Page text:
3. School Helper:  Everyone know life as a college student can be messy, but there are many apps are specifically for daily organization. School Helper helps students stay organized by keeping track of grades, homework assignments, notes, and exams on the home screen. Students can add widgets to the main phone screen as reminders for assignments. Another helpful tool is found under “Marks,” it allows students to keep track of their grades in a particular course by adding assignment or exam counts that go toward the final grade. (Available for: Android; Costs: free)

4. Trello: It’s no surprise that when it comes to group projects someone gets the short end of the stick. Trello is an app designed to help group projects, both big and small, manage who is responsible for what. Group members can also create deadlines, assign, and tasks. Trello also sends group notifications when changes have been made. (Available for: iOS Devices, Android, Windows, and web browsers; Cost: free)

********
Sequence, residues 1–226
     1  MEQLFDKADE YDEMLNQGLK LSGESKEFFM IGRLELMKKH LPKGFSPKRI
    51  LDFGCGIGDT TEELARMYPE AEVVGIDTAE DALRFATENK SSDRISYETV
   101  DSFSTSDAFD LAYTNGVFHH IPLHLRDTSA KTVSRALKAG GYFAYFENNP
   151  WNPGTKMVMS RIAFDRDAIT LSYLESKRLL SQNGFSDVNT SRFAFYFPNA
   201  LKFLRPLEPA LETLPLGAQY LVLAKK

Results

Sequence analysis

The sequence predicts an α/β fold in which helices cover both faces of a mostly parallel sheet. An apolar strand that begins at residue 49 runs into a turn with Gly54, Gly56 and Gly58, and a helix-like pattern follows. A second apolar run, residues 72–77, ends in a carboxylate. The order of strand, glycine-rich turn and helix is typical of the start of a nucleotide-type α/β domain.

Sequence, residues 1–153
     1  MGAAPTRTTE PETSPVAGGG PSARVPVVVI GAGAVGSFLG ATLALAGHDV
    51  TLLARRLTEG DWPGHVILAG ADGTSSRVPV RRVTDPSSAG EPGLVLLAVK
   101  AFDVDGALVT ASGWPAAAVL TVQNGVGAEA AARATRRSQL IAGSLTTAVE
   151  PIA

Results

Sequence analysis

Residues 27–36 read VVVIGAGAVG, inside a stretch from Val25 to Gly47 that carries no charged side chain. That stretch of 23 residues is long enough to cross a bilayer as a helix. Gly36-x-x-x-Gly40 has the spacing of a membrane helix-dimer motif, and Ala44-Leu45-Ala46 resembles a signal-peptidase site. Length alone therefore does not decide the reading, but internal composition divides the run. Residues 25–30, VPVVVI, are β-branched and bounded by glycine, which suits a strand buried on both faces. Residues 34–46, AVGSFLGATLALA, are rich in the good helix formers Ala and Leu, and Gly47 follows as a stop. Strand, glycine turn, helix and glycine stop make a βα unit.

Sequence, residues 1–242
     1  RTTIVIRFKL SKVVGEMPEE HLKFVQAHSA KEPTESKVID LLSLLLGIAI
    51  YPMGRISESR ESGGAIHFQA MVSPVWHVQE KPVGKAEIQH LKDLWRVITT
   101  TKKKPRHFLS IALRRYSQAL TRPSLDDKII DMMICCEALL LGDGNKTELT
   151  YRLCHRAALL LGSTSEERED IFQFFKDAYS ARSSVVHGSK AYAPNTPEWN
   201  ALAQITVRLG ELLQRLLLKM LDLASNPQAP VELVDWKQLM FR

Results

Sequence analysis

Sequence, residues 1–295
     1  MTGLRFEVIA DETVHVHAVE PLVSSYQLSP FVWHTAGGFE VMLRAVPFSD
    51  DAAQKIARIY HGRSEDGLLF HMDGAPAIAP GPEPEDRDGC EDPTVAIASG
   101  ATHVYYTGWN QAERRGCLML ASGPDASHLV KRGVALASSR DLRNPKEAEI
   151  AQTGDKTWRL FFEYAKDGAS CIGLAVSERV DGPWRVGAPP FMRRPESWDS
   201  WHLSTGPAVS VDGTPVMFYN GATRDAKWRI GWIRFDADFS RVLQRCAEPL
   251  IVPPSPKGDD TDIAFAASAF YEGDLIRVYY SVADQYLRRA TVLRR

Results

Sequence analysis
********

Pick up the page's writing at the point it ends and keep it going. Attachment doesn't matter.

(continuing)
5. Google Drive: Being in group projects can often be a mess, but Google Drive makes collaborating a breeze. With Google Drive students can see when changes are made to files such as presentations or group papers. (Available: iOs Devices, Android, and web browsers; Cost: free)

Lytle, Ryan. “5 Apps College Students Should Use This Year.” US News. U.S.News & World

Sheehy, Kelsey. “5-Must-Download Apps for College Students.” US News. U.S.News & World